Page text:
In order to understand why optic nerve regeneration through the optic chiasm is so challenging, a deeper understanding of the adult extracellular optic chiasm environment is needed. Currently, it is unknown whether the guidance cues that are essential for correct axon pathfinding during embryogenesis are retained in the adult optic chiasm. This study therefore aims to characterize the expression of the key guidance cues RC2, BLBP, Slit1, Pax2, and CSPGs at the optic chiasm region of embryonic (E15.5), adult and adult ONC-injured mice. 
Methods
In Vivo Work
All in vivo work was carried out in accordance with the UK Home Office Regulations for the Care and Use of Laboratory Animals, the 1986 UK Animals (Scientific Procedures) Act , and the ARVO Statement for the Use of Animals in Ophthalmic and Visual Research. Embryos were collected at E11.5 (n = 4) and E15.5 (n = 4) via cesarean section from pregnant C57BL/6J mice. Embryos were decapitated and brains were fixed in 4% paraformaldehyde (PFA) at 4°C overnight. Adult C57BL/6J mice aged 6 to 8 weeks were culled uninjured (n = 8) or received an optic nerve crush (n = 8/timepoint) as previously described.5 Briefly, the optic nerve was exposed intraorbitally by cutting the conjunctival membrane and the nerve was crushed approximately 1 mm behind the eye for 10 seconds. Injury was validated 10 days and 6 weeks post optic nerve crush (pONC) by immunohistochemistry and quantification of surviving RGCs from retinal whole-mounts (Supplementary Fig. S1). Mice were perfused with 4% PFA prior to tissue collection. 
Brain Histology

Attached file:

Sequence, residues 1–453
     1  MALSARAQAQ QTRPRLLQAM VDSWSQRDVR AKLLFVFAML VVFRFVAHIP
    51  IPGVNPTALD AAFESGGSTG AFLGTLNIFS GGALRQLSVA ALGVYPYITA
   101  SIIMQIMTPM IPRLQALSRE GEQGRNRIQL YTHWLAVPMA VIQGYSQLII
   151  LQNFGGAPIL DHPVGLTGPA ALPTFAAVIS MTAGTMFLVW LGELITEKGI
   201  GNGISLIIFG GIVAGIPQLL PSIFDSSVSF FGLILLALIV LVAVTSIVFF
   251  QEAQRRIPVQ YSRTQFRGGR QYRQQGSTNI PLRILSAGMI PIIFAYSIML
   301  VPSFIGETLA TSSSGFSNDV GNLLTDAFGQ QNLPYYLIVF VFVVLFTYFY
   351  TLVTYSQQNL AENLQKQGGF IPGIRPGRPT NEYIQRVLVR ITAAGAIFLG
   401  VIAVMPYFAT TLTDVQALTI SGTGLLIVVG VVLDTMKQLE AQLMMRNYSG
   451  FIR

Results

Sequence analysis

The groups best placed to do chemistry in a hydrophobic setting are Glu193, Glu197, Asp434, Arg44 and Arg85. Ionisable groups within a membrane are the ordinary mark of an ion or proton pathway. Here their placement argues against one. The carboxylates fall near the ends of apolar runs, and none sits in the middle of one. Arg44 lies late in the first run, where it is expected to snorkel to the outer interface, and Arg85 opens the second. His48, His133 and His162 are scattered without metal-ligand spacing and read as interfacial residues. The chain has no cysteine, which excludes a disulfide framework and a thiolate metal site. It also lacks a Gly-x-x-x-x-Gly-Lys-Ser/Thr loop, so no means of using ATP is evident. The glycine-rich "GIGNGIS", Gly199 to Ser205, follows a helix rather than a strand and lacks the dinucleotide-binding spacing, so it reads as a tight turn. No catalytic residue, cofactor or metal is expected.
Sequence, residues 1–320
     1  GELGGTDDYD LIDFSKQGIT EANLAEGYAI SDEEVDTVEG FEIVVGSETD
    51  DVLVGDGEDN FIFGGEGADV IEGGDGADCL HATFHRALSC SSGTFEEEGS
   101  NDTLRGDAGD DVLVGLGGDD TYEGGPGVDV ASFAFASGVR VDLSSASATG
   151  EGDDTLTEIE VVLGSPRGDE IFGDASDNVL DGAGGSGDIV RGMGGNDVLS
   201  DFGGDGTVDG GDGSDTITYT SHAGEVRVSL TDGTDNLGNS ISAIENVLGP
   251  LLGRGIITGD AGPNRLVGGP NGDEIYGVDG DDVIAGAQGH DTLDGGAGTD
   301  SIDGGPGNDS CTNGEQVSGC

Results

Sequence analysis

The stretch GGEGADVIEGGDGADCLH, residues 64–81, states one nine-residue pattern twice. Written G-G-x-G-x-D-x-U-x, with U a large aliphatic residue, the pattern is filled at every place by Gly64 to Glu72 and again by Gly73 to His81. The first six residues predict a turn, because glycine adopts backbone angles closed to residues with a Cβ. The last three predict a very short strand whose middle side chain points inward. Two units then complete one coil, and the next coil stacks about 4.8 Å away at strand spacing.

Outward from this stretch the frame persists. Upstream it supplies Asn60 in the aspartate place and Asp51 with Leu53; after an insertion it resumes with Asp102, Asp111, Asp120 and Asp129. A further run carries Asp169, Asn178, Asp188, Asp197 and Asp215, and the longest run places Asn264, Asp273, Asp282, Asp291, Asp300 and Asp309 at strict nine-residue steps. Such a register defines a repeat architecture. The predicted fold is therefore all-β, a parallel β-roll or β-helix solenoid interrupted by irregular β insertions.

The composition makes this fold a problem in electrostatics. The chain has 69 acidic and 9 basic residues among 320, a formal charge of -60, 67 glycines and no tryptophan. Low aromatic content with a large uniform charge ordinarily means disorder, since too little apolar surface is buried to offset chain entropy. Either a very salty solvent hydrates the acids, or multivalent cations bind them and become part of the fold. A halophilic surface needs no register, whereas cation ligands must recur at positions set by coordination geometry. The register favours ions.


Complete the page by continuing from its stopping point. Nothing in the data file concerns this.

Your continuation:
Fixed brain tissue was cryopreserved in 30% sucrose at 4°C overnight and embedded in water-soluble glycols and resins (Tissue-Tek O.C.T. Compound, 25608-930, Sakura Finetek Europe B.V., AJ Alphen aan den Rijn, The Netherlands) for the production of coronal sections (14-μm thick) using a cryostat (Leica Microsystems, Wetzlar, Germany). For RC2, BLBP, Slit1 and Pax2 immunohistochemistry, brain sections were blocked with 3% BSA, 10% normal goat serum (NGS) in 0.1% PBS-Triton X-100. Radial glial markers: RC2 (mouse, 1:5; Developmental Studies Hybridoma Bank), BLBP (rabbit, 1:500, ab32423; Abcam, Cambridge, UK), Slit1 (rabbit, 1:500, PAB11326; AbNova, Taipei, Taiwan) and embryonic development marker Pax2 (rabbit, 1:100, 901001; BioLegend, San Diego, CA, USA) were diluted in blocking solution at 4°C overnight. For CS-56 and H2B immunohistochemistry, brain sections were blocked with 3% NGS in 0.2% PBS-Triton X-100. CSPG markers: CS-56 (mouse, 1:500, C8035; Sigma-Aldrich Corp., St. Louis, MO, USA) and H2B (mouse, 1:500, 370710-IEC; Amsbio, Madrid, Spain) were also diluted in blocking solution and incubated at 4°C overnight. Where the primary antibody was raised in mouse, a mouse on mouse Ig blocking solution (BMK-2202; Vector Laboratories, Burlingame, CA, USA) was applied to avoid nonspecific staining. For each set of immunostaining, a no primary antibody control was included to ensure staining was specific (Supplementary Figs. S2, S3). For the CSPG, crushed optic nerve samples were also analyzed to visualize the injury site (Supplementary Fig. S4). For GFAP, NG2, Iba1, and Olig2 immunohistochemistry, brain sections were blocked with 2% BSA, 5% NGS in 0.5% PBS-Triton X-100. GFAP (chicken, 1:1000, ab4674; Abcam), NG2 (rabbit, 1:200, AB5320; MilliporeSigma, Burlington, MA, USA), Iba1 (guinea pig, 1:500, #234004/6; Synaptic Systems, Göttingen, Germany) and Olig2 (rabbit, 1:500, AB9610, MilliporeSigma) were diluted in blocking solution at 4°C overnight. Slides were washed three times for 10 minutes with PBS. Anti-rabbit Alexa Fluor-555 (1:500, A-21429; Invitrogen, Carlsbad, CA, USA), anti-mouse Alexa Fluor-555 (1:500, A21424; Invitrogen), anti-rabbit Alexa Fluor-488 (1:500, A11034; Invitrogen), anti-chicken Alexa Fluor-488 (1:500, A11039; Invitrogen), anti-rabbit Alexa Fluor-647 (1:500, A32733; Invitrogen), anti-mouse Alexa Fluor-488 (1:500, A11029; Invitrogen), anti-guinea pig Alexa Fluor-555 (1:500, A21435; Invitrogen) and anti-guinea pig Alexa Fluor-488 (1:500, A11073; Invitrogen) were used as secondary antibody with a 2-hour incubation period at room temperature, followed by counterstaining with DAPI. Slides were washed three times for 10 minutes with PBS and mounted with glass coverslips and reagent (FluorSave, 345789; MilliporeSigma).